Because of these differences I never use assertions to check readings from hardware, or to check if hardware is still functioning correctly.


Solid code

One of the most widely cited references on the topic of assertions is Writing Solid Code.2 I recommend it highly for its discussion of assertions as well as much of the other advice it offers.

Maguire is sometimes criticized for suggesting that assertions should not be compiled into the shipped version of the code (using the NDEBUG switch discussed above). Considering that he works for Microsoft, and he is writing software for desktop applications, I would say that shipping without the assertions may be the wrong engineering decision, but it is most definitely the correct business decision. Remember, shipping with the assertions enabled will not make the software any more robust. In fact, it can have the opposite effect. In many cases a program will exit when it hits an assert, but had it continued running, the effect of the bug might not have been noticed by the user. You don't want this to happen in a nuclear power plant, but someone running a word processor may not care that one line was misaligned during a screen refresh routine. Perception of the product will be based far more on the number of crashes than any other inconsistencies. You must also allow for the small percentage of assertions that will actually be checking the wrong expression. The condition they check may just be a bit stricter than was necessary. They may not have fired in testing, but they might fire in the field where a broader range of input is present.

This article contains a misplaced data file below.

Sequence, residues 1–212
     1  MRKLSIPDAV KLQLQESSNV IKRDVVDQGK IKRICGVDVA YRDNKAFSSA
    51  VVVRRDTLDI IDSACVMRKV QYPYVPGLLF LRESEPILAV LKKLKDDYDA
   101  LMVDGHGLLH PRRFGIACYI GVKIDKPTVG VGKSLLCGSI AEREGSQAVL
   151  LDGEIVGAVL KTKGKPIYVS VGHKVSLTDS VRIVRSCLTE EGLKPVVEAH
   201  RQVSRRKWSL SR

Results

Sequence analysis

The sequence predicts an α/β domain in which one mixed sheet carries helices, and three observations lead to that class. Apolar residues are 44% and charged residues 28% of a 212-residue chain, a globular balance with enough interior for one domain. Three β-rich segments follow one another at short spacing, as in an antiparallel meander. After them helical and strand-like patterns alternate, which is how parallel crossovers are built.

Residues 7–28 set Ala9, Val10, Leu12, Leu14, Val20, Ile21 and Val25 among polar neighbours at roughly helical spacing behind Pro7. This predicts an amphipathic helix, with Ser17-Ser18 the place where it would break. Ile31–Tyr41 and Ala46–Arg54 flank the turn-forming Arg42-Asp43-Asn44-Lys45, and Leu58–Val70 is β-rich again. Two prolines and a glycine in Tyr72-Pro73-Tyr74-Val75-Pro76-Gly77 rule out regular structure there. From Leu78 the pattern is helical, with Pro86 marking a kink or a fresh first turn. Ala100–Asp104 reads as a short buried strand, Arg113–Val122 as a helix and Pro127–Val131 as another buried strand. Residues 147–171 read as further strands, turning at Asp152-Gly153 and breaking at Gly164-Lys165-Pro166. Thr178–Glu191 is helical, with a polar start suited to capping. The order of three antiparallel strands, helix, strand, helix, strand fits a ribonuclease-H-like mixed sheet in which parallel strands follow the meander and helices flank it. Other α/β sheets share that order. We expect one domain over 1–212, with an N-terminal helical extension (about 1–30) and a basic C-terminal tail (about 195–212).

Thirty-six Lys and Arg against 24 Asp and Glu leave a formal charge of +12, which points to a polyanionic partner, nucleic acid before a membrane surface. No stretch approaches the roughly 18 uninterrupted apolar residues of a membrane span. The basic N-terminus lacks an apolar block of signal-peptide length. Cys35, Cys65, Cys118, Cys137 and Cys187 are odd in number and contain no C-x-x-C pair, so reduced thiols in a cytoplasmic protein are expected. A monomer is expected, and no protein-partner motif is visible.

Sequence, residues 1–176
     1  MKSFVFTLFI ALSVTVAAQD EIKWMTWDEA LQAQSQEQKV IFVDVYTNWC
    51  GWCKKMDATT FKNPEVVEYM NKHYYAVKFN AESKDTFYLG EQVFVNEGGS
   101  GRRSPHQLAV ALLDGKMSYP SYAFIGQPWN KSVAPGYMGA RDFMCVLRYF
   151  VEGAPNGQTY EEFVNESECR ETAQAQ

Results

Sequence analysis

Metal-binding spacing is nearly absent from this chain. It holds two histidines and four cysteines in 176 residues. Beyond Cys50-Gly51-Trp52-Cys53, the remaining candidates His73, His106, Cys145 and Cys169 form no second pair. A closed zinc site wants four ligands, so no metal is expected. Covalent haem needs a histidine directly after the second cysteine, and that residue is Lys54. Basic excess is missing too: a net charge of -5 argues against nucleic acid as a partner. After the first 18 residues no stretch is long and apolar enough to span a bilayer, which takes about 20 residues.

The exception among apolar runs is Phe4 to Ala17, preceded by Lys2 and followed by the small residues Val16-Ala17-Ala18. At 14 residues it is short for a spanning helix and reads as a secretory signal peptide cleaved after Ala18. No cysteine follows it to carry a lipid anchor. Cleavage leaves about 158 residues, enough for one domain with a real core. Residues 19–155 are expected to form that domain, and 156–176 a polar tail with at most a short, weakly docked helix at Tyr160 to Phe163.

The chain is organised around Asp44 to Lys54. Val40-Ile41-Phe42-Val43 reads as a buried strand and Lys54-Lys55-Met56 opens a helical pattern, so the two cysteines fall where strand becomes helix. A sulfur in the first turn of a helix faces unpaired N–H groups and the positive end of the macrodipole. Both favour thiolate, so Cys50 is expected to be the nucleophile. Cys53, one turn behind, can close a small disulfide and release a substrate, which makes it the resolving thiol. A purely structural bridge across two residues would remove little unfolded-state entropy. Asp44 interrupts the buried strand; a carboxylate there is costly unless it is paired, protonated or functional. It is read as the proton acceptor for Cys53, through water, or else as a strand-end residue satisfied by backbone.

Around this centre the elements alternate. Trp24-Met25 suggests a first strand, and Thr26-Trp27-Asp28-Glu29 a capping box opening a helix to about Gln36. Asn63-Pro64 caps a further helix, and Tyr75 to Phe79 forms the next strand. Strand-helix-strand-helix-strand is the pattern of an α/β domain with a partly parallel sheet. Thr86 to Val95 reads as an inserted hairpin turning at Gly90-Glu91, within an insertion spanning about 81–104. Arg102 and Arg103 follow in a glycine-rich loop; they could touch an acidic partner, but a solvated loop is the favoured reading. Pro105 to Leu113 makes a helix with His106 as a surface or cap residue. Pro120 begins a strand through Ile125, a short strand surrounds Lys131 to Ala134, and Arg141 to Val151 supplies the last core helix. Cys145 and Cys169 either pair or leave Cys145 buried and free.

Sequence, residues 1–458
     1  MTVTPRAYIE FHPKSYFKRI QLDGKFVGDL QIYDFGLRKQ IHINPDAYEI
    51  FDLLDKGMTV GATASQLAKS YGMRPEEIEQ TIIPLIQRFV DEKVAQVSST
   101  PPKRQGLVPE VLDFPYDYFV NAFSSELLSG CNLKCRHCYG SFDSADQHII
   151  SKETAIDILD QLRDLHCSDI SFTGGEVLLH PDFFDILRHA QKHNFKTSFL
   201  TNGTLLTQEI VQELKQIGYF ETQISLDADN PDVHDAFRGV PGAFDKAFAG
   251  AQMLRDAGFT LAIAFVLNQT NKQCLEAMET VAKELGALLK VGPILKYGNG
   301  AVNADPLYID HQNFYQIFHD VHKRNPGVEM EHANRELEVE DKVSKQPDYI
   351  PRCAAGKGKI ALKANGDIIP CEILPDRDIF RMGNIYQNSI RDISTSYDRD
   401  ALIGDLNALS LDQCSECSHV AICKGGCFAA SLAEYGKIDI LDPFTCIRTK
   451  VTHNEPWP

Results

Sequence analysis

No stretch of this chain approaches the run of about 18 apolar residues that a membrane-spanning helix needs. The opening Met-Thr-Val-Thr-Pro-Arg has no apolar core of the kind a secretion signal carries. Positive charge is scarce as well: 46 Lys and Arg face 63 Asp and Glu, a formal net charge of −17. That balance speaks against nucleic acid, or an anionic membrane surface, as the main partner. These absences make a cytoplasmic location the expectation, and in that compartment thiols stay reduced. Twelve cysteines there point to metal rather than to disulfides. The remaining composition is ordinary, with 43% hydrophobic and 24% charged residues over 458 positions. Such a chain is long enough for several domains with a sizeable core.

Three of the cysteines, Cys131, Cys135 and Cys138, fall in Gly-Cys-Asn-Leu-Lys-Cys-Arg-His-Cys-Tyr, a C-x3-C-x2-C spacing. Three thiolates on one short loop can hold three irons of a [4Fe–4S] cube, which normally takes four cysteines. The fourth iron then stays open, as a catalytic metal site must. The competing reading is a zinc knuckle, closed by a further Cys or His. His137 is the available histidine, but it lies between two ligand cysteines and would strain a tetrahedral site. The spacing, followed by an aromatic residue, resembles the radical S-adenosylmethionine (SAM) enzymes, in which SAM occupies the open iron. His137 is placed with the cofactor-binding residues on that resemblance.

The other thing to consider is what will be done with the assertion information once it is displayed to the user. The people at Microsoft have a lot of bugs to fix, they have plenty of data on where those bugs are, and, like any other desktop software company, they will choose to fix some and not others, putting any surplus effort into developing new functionality. The extra information gathered in the field from assertions firing would probably never be put to much use, and certainly not enough to compensate for the increase in size and decrease in speed of the product.

Away from desktop office applications, the parameters are different. In some cases, a company will have a small number of high-value customers, and it may be vital to fully investigate any failures that occur at those customers' sites.

Many embedded systems are capable of restarting themselves, which is often a reasonable option when an assertion fails. Like most developers working with desktop systems, it was probably not an option for Maguire.

Another reason for keeping asserts in the ship version of an embedded product is that turning the asserts off will change the timing characteristics of the program. On a desktop application, this rarely leads to a different end result. In real-time applications, removing the asserts may lead to misbehavior that did not arise before—and the assertions will not be in place to detect the situation. It's also worth bearing in mind that on the desktop, more speed is always better, while on embedded products, extra speed is often not an advantage, once you meet your hard real-time targets.

In Assert Yourself, we will look at how the assert() macro is written and which parts of it you may want to tune to fit the needs of your own project. If you are bug-hunting in the meantime, stop and consider whether a well-placed assertion could have saved you some time.

Related Barr Group Courses: 

Embedded Software Boot Camp

Firmware Defect Prevention for Safety-Critical Systems

Top 10 Ways to Design Safer Embedded Software

Best Practices for Designing Safe & Secure Embedded Systems

Best Practices for Designing Safe Embedded Systems

For a full list of Barr Group courses, go to our Course Catalog.


1. Gray, Mike. Angle of Attack: Harrison Storms and the Race to the Moon. NY: Penguin Books, 1992. [back]

2. Maguire, Steve. Writing Solid Code. Redmond, WA: Microsoft Press, 1993. [back]